Source: Reuters/Vostock photo
Fewer than 20 residents of a picturesque tourist town on the Luhr River southeast of Hamburg have managed to block Gazprom’s pipeline to Europe. A German court suspended construction of the NEL pipeline, which is due to connect Nord Stream to the European gas transport system.
The pipes were coming within 150 feet of their homes. The German press has reported that the consortium laying that leg of pipes is now searching for an alternative route.
“However, that is a minor problem for Russia and its European partners; one that the lawyers should be able to handle,” said Mikhail Korchemkin of European Gas Analysis. “The main problem is that NEL is covered by the third energy package and, if the partners fail to negotiate an exception for it, similar to that obtained for Nord Stream, the project may be put on the back burner for a long time.”
The “third package,” known also as the “third way” refers to a set of gas and power market regulation and reforms that have recently been implemented in European Union countries. Its aim is to improve the security of supply to Europe and encourage national monopolies to compete with the E.U. and improve choice for consumers. The most controversial part of the third package is the grid unbundling, which essentially give more control to countries on the gas routes.
Unless NEL and South Stream acquire special status and are excluded from the third energy package, Russia may be left without the European market and Europe without Russian gas. “South Stream will go ahead only if it is awarded priority project status. If I were in Europe’s place, I would grant that status,” said Capital Investment Group analyst Vitaly Kryukov. The Moscow-based analyst stressed that the new pipeline would make Russia more dependent on the European market. Meanwhile, gas is set to play a greater role in the energy sector. In the words of the International Energy Agency report, the world has entered a Golden Age of gas.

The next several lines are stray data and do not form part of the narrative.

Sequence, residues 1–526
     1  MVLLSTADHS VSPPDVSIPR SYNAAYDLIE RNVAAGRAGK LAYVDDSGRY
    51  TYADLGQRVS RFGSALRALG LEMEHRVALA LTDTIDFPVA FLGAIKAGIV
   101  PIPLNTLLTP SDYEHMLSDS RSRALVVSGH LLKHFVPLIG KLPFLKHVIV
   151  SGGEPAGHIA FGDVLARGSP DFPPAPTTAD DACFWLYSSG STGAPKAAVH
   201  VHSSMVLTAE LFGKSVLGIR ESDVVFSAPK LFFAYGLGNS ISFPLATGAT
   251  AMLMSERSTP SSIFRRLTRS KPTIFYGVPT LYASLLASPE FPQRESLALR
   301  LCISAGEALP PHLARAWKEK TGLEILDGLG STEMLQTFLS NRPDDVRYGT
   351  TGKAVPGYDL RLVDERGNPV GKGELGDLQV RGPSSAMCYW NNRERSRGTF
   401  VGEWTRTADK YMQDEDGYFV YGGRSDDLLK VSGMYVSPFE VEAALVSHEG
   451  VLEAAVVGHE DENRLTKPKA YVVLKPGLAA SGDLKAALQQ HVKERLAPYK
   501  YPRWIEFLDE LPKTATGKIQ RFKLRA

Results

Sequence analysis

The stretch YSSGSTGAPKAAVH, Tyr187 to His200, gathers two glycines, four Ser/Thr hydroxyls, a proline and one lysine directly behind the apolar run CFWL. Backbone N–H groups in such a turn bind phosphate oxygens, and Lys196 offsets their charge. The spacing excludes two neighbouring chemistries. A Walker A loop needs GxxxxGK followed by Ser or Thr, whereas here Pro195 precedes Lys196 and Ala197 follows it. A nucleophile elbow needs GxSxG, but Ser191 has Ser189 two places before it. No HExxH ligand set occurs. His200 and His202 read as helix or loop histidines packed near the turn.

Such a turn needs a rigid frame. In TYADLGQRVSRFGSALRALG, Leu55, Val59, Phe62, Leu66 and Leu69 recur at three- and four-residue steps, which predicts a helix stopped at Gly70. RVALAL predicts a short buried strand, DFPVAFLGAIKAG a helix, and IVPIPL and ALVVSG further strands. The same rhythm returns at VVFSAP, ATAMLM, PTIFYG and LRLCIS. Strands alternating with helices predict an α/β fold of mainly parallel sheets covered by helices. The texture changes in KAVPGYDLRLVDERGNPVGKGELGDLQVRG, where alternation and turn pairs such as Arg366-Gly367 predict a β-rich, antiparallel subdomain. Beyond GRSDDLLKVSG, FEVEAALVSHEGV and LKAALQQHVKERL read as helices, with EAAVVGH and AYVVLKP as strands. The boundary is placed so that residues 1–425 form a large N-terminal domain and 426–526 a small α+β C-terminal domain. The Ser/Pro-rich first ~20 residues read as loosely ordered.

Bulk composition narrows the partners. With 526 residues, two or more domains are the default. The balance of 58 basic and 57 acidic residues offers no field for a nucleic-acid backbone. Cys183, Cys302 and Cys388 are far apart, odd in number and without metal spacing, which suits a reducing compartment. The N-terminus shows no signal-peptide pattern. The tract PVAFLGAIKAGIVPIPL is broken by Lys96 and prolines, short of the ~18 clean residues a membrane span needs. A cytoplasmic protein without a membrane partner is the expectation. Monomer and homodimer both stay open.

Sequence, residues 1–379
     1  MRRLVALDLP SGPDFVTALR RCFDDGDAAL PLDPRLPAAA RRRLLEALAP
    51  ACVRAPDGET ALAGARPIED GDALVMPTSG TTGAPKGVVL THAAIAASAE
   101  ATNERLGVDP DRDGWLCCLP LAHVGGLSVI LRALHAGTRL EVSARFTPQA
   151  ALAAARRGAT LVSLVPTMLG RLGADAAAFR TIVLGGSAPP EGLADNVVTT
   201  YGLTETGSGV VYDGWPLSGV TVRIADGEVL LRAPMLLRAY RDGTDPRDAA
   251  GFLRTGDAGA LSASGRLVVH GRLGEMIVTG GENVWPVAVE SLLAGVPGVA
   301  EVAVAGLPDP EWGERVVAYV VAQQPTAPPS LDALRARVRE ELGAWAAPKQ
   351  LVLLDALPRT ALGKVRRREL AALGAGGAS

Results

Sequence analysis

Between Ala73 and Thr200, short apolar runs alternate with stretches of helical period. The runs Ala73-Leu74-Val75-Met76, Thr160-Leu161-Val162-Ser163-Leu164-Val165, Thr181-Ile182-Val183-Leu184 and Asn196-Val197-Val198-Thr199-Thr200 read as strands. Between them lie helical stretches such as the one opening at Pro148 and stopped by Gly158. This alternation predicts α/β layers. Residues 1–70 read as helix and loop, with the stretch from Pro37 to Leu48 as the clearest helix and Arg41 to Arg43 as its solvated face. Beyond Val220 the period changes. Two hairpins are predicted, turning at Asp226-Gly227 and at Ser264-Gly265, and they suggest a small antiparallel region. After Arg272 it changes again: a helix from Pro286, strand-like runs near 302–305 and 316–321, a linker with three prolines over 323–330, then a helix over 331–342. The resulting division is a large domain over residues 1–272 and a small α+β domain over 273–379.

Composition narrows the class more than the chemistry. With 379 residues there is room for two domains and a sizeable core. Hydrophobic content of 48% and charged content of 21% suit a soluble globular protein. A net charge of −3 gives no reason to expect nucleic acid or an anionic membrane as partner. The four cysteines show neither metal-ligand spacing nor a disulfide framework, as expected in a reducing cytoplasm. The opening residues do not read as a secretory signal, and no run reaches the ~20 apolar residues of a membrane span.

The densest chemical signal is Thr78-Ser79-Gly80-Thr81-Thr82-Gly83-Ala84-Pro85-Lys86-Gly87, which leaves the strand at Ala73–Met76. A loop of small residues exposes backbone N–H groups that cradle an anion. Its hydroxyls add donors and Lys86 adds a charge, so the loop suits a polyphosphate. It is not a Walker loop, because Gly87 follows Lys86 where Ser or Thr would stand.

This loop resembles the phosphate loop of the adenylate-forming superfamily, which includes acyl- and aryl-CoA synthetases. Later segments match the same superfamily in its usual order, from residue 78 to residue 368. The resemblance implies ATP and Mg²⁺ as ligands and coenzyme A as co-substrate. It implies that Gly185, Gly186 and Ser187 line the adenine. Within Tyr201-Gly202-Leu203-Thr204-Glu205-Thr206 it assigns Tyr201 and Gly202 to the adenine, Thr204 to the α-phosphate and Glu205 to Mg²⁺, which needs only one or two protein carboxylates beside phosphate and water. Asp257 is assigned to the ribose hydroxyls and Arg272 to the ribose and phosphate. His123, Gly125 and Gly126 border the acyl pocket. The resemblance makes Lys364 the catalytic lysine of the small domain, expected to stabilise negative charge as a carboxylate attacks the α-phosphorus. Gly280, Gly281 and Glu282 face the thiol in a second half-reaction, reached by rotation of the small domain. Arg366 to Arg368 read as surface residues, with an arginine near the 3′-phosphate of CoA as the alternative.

Yet Europe is unlikely to make an exception solely for the sake of transporting Russian gas. “There is no rhyme or reason in that. Under European laws, cross-border pipelines within the European Community have to comply with certain principles of the third energy package,” said Mikhail Krutikhin, a partner with RusEnergy company.
When the South Stream project was presented in Brussels in May, Energy Commissioner Gunther Ottinger promised that the European Commission would support the Russian initiative without any strings attached. Even so, South Stream is currently covered by the third energy package which envisages free access to pipelines for all market participants and local regulation of gas prices.
Russian Energy Minister Sergey Shmatko said that he hopes the matter can be settled. He said early results of the talks with the European Commission on special status for the project will come through this fall. One option is to recognize the pipeline as part of the Russian gas transportation system. Many experts say that as long as South Stream is covered by the third energy package its construction will halt. As for Nord Stream, which enjoys a special status exempting it from the third energy package, it will start transporting gas as early as October. Another branch will be added to it next year, increasing supplies to 55 billion cubic metres a year--more than 36 percent of the planned Russian gas exports to Europe.
South Stream is a more ambitious project designed to carry about 65 billion cubic metres by 2014. If both projects are implemented Russia will become Europe's biggest energy supplier.
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